While drastic austerity measures are deepening recession in most of Europe, Germany (the largest country in Europe) has come out relatively unscathed. While the rest of the Eurozone witnessed a mere one per cent growth, in Germany it was 3.7 per cent, exports grew by 21.7 per cent in 2010 and there has been an actual drop in unemployment levels.

The Financial Times has predicted “Another leg of the economic crisis which started in 2007”—only this time, with the governments deep in debt, no country has the ability for stimulus packages to bail them out.

Even Japan, the third important centre of global capital, is in doldrums. It has the highest debt in the world, at 205 per cent of the GDP; and the economy began to contract well before the earthquake/tsunami hit—about one per cent in the last quarter of 2010 and 0.9 per cent in January-March 2011. Interest rates continue to hover around zero per cent. After the earthquake/tsunami and the nuclear fallout, the situation has further deteriorated.

The key problem remains: how will the indebted countries reduce their debt burdens without faster economic growth; and how can economic growth be sustained with the huge cuts in the purchasing power through unpopular austerity measures!!!

US: Merchants of Death

In such recessionary conditions the race for markets and sources of raw materials (parti-cularly energy) is bound to intensify. One big market is military equipment. It is tragic to see countries like India, Indonesia etc., with lakhs dying of hunger, spending thousands of crores on military imports. The squabble between the US and EU for India’s gigantic $ 10 billion fighter jet deal is an indication of this desperate scramble.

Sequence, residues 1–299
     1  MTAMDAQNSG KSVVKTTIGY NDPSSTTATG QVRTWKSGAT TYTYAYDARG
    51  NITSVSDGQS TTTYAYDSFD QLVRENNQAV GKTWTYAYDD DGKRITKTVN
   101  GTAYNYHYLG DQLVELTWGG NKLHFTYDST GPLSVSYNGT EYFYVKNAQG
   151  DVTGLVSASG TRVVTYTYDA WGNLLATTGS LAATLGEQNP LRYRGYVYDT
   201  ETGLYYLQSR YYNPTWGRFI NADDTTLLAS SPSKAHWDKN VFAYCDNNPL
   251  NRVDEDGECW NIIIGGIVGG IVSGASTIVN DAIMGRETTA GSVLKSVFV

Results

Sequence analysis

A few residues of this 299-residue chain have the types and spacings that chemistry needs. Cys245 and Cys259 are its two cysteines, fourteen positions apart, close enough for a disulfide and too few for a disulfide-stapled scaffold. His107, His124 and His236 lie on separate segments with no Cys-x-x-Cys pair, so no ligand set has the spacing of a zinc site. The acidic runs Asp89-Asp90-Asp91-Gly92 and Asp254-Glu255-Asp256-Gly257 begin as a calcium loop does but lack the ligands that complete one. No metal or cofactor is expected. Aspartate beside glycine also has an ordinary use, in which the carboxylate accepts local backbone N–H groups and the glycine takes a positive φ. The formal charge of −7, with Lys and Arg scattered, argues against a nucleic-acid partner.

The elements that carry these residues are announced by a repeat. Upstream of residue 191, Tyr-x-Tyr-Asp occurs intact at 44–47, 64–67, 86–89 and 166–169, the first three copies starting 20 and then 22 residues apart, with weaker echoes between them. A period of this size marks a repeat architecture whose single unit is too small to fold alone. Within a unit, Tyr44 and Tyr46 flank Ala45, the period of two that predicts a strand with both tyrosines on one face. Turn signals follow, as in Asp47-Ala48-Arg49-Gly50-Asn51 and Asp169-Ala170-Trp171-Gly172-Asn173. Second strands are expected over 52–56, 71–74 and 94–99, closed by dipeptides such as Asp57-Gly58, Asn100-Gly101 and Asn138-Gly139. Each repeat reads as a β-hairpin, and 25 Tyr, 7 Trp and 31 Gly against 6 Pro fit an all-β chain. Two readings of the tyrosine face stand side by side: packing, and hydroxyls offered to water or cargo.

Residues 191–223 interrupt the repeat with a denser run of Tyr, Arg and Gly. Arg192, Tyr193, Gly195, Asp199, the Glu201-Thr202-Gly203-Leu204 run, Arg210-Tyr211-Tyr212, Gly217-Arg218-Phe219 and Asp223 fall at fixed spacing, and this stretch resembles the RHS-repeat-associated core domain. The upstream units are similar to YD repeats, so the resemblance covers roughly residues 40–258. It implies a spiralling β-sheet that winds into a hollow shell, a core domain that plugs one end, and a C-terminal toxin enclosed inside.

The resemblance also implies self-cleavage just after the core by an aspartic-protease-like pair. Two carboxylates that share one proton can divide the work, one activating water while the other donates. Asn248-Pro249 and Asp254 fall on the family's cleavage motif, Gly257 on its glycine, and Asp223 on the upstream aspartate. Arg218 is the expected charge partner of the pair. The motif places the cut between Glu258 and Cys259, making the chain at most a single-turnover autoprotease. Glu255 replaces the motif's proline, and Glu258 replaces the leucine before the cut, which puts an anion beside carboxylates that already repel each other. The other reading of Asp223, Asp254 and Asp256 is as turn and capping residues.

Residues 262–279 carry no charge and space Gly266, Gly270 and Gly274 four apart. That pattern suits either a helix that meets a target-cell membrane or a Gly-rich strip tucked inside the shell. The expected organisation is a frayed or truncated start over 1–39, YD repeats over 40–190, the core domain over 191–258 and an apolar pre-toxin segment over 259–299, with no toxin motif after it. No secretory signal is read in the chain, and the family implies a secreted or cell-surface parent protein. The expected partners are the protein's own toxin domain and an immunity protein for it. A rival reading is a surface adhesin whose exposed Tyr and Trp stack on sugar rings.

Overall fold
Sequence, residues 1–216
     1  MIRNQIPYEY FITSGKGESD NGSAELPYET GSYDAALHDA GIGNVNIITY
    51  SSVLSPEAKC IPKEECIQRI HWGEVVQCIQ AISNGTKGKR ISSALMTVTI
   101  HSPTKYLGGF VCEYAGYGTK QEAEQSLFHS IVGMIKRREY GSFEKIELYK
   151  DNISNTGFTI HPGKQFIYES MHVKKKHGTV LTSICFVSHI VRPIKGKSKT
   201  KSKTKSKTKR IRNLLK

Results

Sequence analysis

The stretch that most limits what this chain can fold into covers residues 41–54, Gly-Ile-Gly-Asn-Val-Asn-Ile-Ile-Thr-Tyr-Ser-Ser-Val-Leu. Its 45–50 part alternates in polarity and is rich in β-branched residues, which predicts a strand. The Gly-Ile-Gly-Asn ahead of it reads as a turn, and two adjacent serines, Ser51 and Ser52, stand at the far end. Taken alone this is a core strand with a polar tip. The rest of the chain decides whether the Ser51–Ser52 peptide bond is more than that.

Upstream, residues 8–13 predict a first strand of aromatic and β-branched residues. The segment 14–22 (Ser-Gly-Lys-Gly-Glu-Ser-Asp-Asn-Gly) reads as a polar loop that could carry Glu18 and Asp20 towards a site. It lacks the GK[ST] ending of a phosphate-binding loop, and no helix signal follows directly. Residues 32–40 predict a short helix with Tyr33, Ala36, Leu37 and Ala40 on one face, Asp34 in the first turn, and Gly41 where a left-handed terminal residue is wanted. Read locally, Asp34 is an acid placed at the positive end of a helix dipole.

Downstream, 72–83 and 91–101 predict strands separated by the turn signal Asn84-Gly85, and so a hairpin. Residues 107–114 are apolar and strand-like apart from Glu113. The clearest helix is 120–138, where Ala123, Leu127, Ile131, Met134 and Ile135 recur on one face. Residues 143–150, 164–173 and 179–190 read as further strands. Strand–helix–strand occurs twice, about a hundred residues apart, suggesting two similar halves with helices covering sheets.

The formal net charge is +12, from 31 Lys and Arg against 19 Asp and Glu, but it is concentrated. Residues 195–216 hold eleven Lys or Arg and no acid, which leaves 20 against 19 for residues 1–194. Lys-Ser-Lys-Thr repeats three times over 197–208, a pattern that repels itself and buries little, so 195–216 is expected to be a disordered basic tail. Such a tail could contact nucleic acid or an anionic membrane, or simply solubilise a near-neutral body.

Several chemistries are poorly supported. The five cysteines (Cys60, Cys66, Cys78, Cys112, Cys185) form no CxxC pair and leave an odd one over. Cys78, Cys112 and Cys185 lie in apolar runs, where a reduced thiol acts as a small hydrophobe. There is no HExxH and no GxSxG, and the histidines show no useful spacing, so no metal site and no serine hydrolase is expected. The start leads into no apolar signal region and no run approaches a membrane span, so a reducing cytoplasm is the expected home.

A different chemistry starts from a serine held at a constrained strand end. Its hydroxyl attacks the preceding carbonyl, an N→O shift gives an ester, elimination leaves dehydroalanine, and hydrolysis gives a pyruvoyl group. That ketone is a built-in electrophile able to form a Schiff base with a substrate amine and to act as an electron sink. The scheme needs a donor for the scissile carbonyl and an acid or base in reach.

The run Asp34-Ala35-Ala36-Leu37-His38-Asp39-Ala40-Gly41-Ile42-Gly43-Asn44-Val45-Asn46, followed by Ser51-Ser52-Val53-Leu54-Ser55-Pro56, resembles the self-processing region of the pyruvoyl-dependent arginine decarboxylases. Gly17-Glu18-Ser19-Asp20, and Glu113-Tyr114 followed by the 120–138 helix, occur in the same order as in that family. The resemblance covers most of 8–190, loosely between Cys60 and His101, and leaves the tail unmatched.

Today, America’s defence budget at $ 700 billion (including war expenses) is as big as the world’s next twenty highest military spenders combined (for example, China’s is $ 92 billion). Last year’s US defence spending exceeded the average spent during the Cold War years by 50 per cent (after adjusting for inflation). In the past decade it has grown 67 per cent. The US maintains a total of 700 military bases in 130 countries.

The wars in Iraq and Afghanistan have cost the US a gigantic $ 4 trillion—more than three times the sum authorised by the Congress in the decade since 9/11. Just last year the US spent $ 120 billion on the Afghan war. This has resulted in a huge burden on the US economy with the federal budget deficit running at $ 1.5 trillion.

These wars have killed 2.5 lakh people and created eight million refugees. Later we shall see the extent of devastation from these wars.

II Enter The Dragon

CHINA is fast growing to become the world’s largest economy. In 2010, its GDP surpassed Japan’s (in absolute terms) to become the second largest economy in the world. In fact it is already number one, if taken in terms of purchasing power parity—it is $ 14.8 trillion to the US’ $ 14.6 trillion [India: $ 4.4 trillion in PPP]. According to a study, China has become the world’s largest manufacturing country in 2011—accounting for 19.8 per cent of that production, compared to the US’ 19.4 per cent. The US had led for the last hundred years.

In 2009 China accounted for 46 per cent of the global coal, zinc and aluminium consumption. It consumed more crude steel than the US, EU and Japan combined—in 2010: China 627 mt; Japan 110 mt; US 81 mt; Germany 44 mt. China bought more cars and TV sets than the US last year and this year looks set to buy more mobile phones than the rest of the world put together. It is number two in the purchase of PCs. China accounts for 97 per cent of the world’s supply of rare-earths—minerals that play an essential role in most high tech products, including in the military.